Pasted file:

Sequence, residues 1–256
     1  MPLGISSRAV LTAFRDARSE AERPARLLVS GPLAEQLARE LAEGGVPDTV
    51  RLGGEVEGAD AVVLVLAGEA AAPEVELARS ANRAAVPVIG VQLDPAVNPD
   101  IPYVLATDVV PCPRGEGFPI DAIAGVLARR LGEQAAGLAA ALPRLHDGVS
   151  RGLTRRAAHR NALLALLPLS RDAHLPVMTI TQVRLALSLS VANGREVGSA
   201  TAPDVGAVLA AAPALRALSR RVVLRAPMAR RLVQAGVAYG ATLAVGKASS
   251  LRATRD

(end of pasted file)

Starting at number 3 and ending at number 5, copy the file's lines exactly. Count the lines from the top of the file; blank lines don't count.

    51  RLGGEVEGAD AVVLVLAGEA AAPEVELARS ANRAAVPVIG VQLDPAVNPD
   101  IPYVLATDVV PCPRGEGFPI DAIAGVLARR LGEQAAGLAA ALPRLHDGVS
   151  RGLTRRAAHR NALLALLPLS RDAHLPVMTI TQVRLALSLS VANGREVGSA